Quail Hunting Forecast  |  10/02/2019

Illinois Quail Hunting Forecast 2019

Quail hunting prospects in the Land of Lincoln are rated “average” for the 2019-2020 hunting season.


“Besides the short burst of cold caused by the Arctic polar vortex in late January and early February, the winter of 2018-2019 was relatively mild and winter mortality due to weather was likely low,” reports Wade Louis, acting wildlife program manager for the Illinois Department of Natural Resources. “Spring brought above average to record-breaking rainfall over a large portion of the state potentially impacting early nesting attempts, but from late June through most of August, weather conditions improved across much of the state.”


“The most limiting factor for the birds seems to be quality brood cover. This consists of areas with plenty of bare ground that chicks can move through while they hunt for insects with sturdy overhead forbs to conceal them from predators,” explains Louis.
But Jeremy Kunick, a Quail Forever wildlife biologist in Illinois, thinks the late rains actually might have helped quail habitat. 

“A lot of agricultural fields were delayed with their planting until late June or early July. Consequently, many of those fields became annual weeds with bare ground habitat,” Kunick says. “I do believe that should have helped boost nesting numbers. Even after planting, we still have several fields not yet planted and sitting in annual weeds such as foxtail, ragweed, and pigweed.”

Last season, roughly 5,700 quail hunters shot an estimated 28,000 wild quail. The number of wild quail harvested dropped 3% and continues its downward trend of reaching new historical lows.  IDNR conducts annual bird surveys across the state to track trends for game birds and other grassland/shrubland birds. The results from this year’s surveys showed quail numbers are an additional 3.1 percent lower than the prior year.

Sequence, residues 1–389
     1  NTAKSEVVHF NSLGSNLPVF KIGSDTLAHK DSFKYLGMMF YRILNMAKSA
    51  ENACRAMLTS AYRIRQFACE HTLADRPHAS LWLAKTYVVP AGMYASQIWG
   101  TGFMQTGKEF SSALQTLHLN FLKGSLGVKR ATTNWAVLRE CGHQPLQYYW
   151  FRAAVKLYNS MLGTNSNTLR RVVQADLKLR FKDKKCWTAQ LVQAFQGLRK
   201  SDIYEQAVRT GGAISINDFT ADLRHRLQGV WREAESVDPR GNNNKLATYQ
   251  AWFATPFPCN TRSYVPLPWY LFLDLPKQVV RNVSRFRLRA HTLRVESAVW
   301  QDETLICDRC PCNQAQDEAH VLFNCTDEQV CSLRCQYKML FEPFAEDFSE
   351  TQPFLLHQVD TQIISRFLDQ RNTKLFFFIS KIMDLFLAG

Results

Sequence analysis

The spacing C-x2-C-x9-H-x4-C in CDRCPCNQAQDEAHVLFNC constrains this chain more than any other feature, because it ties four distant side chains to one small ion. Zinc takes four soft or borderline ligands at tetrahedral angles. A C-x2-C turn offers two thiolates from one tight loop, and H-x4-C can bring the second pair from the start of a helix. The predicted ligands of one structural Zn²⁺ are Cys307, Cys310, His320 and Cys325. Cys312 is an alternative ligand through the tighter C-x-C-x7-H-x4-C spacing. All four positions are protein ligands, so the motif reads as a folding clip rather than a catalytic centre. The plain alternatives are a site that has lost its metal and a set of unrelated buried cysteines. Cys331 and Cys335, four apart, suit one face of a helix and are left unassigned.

“Upland game populations in Illinois have seen a slow, steady decline for most of the last 50 years. Changes in agriculture and land use have led to less upland habitat on the landscape,” says Louis. “Statewide, there is less suitable habitat available in Illinois than in years past. Localized areas of high-quality habitat can still be found across the state, but overall, there are fewer areas that support good populations of upland game.”

Still, Kunick believes that Quail Forever’s work in habitat education and landowner assistance can help stem the tide of declining quail numbers. 

“We have had an increase in pollinator and other high quality, native CRP plantings with the support of our partners. Most of those are less than five years old which are ideal for quail. Many areas also have the traditional fence rows that have maintained the quail population we still have,” he says.


The key to a successful hunt this fall will be locating and accessing quality habitat. Louis says central and west-central Illinois are areas that hunters might want to visit for the highest bird densities.

                        RETURN TO THE 2019 QUAIL HUNTING FORECAST PAGE